... were yet alive, Brunner senior was obliged to bear the loss of the sums of which his wife had drained his coffers, to say nothing of other ills, which had told upon a Herculean constitution, till at the age of sixty-seven the innkeeper had wizened and shrunk as if the famous Borgia's poison had undermined his system. For ten whole years he had supported his wife, and now he inherited nothing! The innkeeper was a second ruin of Heidelberg, repaired continually, it is true, by travelers' hotel bills, much as the remains of the ...
— Poor Relations • Honore de Balzac

... short, the transition easy, from one to the other extreme of injustice; and the peasant who voted for the banishment of the just man, in another sphere and under other circumstances, would have been a Borgia or a Catiline. With this feeling in his bosom, Munro was yet unapprized of its existence. It is not with the man, so long hurried forward by his impulses as at last to become their creature, to analyze either their character ...
— Guy Rivers: A Tale of Georgia • William Gilmore Simms

... in Italy a Venetian troupe of comedians whose ancestors were the first interpreters of the comedies of Goldoni, and several of them claim descent from players who enacted the tragedies and comedies of serious classical literature before the courts of Lucrezia Borgia and Leonora d'Este. In glancing over an Italian play-bill one is invariably struck by the fact that many of the artists bear the same name, and are evidently connected by ties of consanguinity or of marriage. In the Ristori troupe, for instance, there are several actors calling ...
— Lippincott's Magazine of Popular Literature and Science Vol. XV., No. 85. January, 1875. • Various

... the following six years he wrote no less than twenty-three operas, many of which were cheap imitations of Rossini. In 1880, stung by the success of Bellini, he wrote "Anna Bolena," which inaugurated his second more original period, which included "Lucrecia Borgia" and the immensely popular "Lucia di Lammermoor." The prohibition of his opera "Poliecto," while he was serving as a director of the Naples Conservatory, so exasperated Donizetti that he betook himself to Paris in 1838. There he brought out the "Daughter of the Regiment" and ...
— A History of the Nineteenth Century, Year by Year - Volume Two (of Three) • Edwin Emerson

... possessed of antidotes for each of the sixteen poisons; but there was one venom, outside the sixteen, the composition of which he knew, but to which there was no antidote. On my inquiry he stated that this was the poison used by the Borgia, and ...
— Orrain - A Romance • S. Levett-Yeats

... few months before in the neighborhood of Jativa, a city that he had always regarded with interest on account of the Borgias having been born in one of its suburbs. The two men were of the same opinion. That almost infantile prelate could have been no other than Caesar Borgia, made Archbishop of Valencia when sixteen years old by his father, the Pope. On their first free day they would examine the portrait with particular attention.... And Ulysses, hanging his head, felt every mouthful sticking ...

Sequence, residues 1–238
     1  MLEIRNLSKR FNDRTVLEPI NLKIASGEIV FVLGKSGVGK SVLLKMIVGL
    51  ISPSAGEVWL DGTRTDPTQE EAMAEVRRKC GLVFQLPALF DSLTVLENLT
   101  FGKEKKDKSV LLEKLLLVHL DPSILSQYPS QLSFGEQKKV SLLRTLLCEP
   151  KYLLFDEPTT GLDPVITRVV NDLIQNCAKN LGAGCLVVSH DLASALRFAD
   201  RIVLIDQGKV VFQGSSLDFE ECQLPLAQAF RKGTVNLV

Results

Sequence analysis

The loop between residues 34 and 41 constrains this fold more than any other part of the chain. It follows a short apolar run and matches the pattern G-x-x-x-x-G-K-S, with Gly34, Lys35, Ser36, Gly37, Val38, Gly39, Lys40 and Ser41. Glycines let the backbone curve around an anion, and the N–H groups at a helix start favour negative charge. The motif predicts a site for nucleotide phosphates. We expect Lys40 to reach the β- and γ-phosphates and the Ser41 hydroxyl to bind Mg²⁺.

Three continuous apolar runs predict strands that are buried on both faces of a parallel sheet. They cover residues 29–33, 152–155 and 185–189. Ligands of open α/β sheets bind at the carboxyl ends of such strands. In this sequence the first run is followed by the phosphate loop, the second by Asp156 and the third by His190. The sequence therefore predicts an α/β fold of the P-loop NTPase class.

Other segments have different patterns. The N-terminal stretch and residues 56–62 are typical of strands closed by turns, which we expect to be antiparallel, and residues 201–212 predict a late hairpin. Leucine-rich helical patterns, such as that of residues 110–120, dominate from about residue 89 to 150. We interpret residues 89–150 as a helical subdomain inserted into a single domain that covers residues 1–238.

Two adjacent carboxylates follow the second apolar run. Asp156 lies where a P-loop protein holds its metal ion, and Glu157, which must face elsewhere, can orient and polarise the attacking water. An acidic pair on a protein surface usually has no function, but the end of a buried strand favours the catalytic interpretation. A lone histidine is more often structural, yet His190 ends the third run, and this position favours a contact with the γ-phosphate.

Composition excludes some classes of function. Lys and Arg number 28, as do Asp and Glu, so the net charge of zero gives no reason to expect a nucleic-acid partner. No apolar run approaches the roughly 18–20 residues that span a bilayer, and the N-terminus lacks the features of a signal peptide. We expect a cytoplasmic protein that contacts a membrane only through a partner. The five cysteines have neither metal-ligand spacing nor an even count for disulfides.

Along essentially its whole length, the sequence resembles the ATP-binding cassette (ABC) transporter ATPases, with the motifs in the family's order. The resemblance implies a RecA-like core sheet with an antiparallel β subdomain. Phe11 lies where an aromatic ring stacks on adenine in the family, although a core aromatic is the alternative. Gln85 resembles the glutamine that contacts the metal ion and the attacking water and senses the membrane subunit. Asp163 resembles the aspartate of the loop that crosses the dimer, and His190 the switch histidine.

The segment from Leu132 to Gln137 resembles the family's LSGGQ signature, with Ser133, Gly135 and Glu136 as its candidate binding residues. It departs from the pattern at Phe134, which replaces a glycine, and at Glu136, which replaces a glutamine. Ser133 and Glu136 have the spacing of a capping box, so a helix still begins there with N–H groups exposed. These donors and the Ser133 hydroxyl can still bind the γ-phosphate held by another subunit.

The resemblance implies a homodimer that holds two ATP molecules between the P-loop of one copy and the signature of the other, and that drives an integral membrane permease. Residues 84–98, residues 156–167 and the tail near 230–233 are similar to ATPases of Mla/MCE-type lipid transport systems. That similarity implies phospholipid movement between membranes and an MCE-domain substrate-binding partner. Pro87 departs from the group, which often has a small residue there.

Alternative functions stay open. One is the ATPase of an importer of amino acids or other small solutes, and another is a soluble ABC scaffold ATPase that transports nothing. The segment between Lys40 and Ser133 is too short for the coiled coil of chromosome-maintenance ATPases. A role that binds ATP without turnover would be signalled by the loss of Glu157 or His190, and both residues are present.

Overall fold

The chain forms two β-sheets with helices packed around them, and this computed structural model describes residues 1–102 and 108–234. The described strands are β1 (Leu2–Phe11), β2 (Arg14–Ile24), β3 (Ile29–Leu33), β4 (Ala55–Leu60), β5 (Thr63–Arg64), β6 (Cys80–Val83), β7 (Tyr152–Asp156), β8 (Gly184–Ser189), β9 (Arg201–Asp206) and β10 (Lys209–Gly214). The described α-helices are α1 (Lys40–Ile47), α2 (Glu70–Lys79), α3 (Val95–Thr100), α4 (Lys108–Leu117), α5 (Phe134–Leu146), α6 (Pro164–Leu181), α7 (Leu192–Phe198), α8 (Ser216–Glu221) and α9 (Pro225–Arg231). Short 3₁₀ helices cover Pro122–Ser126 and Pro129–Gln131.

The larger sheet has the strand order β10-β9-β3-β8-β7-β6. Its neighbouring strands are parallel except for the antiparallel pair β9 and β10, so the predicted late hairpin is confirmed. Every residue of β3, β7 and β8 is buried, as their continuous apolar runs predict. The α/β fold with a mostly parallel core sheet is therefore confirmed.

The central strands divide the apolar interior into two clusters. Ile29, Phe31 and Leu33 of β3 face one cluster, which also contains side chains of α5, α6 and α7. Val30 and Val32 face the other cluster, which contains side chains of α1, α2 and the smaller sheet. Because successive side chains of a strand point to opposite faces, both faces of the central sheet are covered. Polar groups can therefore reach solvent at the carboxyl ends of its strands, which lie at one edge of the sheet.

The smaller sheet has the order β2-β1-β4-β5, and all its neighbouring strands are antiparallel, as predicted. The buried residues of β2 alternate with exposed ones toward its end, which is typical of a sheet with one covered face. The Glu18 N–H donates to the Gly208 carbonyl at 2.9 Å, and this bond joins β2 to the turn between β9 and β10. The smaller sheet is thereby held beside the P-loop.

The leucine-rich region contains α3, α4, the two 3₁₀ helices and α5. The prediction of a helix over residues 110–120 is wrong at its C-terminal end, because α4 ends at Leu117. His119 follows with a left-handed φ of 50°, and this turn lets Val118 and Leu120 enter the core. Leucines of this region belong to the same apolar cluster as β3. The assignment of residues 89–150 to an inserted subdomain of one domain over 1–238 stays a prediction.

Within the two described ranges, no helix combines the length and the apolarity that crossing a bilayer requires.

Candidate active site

— Mare Nostrum (Our Sea) - A Novel • Vicente Blasco Ibanez

... Satan, and turning over several leaves of his notebook, he rattled out the following names: "Alcibiades, kind of statesman; Beau Brummel, fop; Cagliostro, conjurer; Robespierre, politician; Charles Stuart, Pretender; Warwick, King-maker; Borgia, A., Pope; Ditto, C., toxicologist; Wallenstein, mercenary; Bacon, Roger, man of science; Ditto, F., dishonest official; Tell, W., patriot; Jones, Paul, pirate; Lucullus, glutton; Simon Stylites, eccentric; ...
— Orpheus in Mayfair and Other Stories and Sketches • Maurice Baring

... "is a great thing and applicable to almost every line of endeavor. You can kill people in a scientific manner—witness the late Madame Borgia and others. You can shoe a horse scientifically, beg scientifically or hypnotize a squalling infant into innocuous quietude by the aid of science. Marconi has signalled across the ocean; Santos-Dumont has navigated the air and Austria has proven her ...
— Said the Observer • Louis J. Stellman

... longer exists, apparently, and Nero himself is dead. When I came out and mounted into my cab, my driver showed me with his whip, beyond a garden wall, a second tower, very beautiful against the blue sky, above the slim cypresses, which he said was the scene of the wicked revels of Lucrezia Borgia. I do not know why it has been chosen for this distinction above other towers; but it was a great satisfaction to have it identified. Very possibly I had seen both of these memorable towers in my former Roman ...
— Roman Holidays and Others • W. D. Howells